Date: 8th November 2009 at 12:52pm
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A domestic away game outside of London had begun to feel like a distant relic of some bygone age- like fixtures on Christmas Day, mudbath pitches and hobnail boots. But for the first time since the infamous away defeat at Manchester City, we were taking to the motorway for our first trip to Molineux in five and a half years. The away section at Molineux offers a half decent view, as we were positioned perfectly on the half way line of the Lower Tier. However, having all of the away fans spread out across the Steve Bull Stand Lower Tier does not lend itself to creating a good atmosphere. Singing always radiates best from behind the goal, with the noise starting back centre and radiating outwards. The Molineux does not give you the chance to do that with the noise taking several seconds to travel from one corner flag to the other- the end result being that it dissipates before it gets the opportunity to ferment.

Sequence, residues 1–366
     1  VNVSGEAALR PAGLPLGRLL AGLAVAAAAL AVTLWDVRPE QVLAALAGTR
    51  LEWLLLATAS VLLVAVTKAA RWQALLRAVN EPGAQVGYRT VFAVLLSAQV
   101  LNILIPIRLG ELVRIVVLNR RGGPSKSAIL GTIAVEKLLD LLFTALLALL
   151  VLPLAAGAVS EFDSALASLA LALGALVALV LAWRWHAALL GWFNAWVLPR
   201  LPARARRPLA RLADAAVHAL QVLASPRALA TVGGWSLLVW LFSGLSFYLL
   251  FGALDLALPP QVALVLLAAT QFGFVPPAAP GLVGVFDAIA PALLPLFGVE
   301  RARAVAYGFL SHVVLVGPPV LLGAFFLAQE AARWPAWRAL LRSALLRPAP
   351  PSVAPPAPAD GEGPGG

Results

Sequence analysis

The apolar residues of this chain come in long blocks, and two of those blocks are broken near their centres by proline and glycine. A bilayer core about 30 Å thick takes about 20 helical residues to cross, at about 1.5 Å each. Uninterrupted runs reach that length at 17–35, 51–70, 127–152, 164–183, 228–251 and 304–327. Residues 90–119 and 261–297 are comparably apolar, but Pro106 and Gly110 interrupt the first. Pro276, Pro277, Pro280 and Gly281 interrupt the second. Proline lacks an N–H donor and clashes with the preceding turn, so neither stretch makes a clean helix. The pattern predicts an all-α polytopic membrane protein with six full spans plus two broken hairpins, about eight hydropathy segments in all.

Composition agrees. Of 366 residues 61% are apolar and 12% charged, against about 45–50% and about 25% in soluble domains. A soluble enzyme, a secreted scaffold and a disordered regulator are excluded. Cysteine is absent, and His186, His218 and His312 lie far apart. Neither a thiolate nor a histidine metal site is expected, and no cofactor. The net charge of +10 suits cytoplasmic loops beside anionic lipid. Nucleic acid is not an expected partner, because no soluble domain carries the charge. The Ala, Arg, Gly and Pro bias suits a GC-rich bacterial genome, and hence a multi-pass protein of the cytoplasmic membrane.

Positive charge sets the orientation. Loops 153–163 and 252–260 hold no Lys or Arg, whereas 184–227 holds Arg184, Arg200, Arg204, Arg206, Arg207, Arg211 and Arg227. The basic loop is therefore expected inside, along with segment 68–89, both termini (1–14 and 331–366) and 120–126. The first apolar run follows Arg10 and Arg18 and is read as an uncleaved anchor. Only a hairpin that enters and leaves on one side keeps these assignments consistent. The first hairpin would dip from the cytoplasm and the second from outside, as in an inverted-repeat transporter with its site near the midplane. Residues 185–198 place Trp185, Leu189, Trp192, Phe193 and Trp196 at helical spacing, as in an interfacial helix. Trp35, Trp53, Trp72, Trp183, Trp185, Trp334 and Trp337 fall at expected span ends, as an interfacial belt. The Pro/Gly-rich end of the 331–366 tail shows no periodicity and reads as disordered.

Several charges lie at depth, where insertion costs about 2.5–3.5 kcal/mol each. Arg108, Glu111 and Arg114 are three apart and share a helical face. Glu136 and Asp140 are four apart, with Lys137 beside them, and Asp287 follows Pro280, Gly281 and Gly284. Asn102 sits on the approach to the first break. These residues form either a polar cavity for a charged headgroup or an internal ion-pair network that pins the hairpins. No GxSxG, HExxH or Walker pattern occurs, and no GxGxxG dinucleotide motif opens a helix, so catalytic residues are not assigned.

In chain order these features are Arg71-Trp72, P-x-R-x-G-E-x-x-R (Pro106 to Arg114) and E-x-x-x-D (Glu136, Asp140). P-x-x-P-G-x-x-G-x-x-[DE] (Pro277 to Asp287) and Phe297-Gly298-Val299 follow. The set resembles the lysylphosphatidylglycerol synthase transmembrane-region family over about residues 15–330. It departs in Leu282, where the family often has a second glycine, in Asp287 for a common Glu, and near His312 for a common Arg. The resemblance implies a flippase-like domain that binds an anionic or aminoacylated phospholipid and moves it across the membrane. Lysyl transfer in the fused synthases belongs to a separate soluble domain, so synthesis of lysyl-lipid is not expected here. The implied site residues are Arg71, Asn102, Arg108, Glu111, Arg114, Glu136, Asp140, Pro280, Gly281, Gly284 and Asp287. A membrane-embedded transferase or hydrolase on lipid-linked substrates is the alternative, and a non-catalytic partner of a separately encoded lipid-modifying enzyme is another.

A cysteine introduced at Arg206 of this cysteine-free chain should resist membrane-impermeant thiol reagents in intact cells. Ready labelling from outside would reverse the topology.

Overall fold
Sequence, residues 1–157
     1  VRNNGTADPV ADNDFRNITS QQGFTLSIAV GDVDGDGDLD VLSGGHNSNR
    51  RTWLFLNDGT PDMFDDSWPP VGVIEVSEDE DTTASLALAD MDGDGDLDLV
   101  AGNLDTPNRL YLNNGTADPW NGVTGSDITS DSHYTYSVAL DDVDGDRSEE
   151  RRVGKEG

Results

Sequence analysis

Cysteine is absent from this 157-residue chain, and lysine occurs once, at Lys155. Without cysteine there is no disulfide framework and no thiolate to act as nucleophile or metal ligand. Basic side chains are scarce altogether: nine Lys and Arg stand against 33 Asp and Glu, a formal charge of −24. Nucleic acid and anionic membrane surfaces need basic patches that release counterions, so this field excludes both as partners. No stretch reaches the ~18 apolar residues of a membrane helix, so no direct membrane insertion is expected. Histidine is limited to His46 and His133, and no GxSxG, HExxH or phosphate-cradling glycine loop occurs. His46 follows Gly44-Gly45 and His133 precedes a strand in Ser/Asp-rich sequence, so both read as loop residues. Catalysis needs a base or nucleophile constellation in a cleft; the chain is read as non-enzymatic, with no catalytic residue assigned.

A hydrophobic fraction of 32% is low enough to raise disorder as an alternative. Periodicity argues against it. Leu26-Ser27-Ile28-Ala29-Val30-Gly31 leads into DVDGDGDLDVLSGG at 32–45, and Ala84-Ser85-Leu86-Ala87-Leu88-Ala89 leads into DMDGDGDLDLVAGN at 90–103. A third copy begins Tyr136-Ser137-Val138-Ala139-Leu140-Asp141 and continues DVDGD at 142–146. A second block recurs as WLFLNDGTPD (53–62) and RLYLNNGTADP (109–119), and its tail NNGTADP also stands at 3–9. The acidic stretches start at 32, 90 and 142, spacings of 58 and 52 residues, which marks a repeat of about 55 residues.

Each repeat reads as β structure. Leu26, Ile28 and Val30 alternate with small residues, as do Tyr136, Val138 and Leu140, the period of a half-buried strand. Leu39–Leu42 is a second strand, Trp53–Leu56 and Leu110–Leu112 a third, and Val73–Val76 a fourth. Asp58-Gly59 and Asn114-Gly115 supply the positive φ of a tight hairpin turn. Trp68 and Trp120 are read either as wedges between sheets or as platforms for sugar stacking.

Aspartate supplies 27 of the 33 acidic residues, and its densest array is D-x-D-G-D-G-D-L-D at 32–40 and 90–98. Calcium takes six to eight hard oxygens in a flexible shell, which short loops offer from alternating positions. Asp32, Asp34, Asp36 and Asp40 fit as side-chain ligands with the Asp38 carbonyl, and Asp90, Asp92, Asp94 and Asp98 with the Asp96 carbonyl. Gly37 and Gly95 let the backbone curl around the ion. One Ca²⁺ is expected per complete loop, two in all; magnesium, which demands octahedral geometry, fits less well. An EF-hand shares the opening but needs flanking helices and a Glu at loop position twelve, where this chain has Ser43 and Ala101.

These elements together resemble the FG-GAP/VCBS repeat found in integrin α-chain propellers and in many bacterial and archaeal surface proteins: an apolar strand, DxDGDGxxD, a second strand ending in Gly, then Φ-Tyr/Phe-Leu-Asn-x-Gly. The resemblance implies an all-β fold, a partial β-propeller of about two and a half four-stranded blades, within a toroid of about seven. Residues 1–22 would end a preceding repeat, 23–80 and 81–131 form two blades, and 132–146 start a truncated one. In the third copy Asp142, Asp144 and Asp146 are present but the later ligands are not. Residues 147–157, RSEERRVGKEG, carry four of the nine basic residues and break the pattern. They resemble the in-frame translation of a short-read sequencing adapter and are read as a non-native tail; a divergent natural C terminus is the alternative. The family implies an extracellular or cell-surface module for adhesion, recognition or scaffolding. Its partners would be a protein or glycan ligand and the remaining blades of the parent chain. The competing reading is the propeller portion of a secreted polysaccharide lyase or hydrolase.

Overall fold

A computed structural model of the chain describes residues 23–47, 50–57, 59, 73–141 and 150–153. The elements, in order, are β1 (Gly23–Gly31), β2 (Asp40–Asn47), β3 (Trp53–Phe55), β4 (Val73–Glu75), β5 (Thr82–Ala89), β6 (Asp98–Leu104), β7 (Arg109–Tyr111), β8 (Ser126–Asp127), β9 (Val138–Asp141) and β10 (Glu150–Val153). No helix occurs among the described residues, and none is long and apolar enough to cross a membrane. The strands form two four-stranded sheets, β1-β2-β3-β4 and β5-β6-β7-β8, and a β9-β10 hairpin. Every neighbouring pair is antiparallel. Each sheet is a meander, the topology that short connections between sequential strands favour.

The first real calling cards of winter were in the air, with a chilly autumnal breeze and floodlights elucidating the early evening mist, like ghosts dancing in the foggy West Midlands air. Mick McCarthy, in his typically endearing West Yorkshire bluster had promised his Wolves side would, ‘give it a real go’ against their free scoring visitors. His words were not hollow. As expected, the home side, roared on by a suitably enthused home crowd, put Arsenal under pressure in the early stages. Milijas swept in a left wing corner which Sylvain Ebanks Blake stopped to head just wide, with Gallas having lost his man. It was to be another set piece which would set visiting hearts a flutter, when Arshavin fouled Milijas on the left touchline. The Chilean again whipped in a wicked delivery, Christophe Berra misjudged his free header and ended up heading the ball away from goal. The correct flex of his neck sinews would have seen the virginity of the Arsenal goal under threat.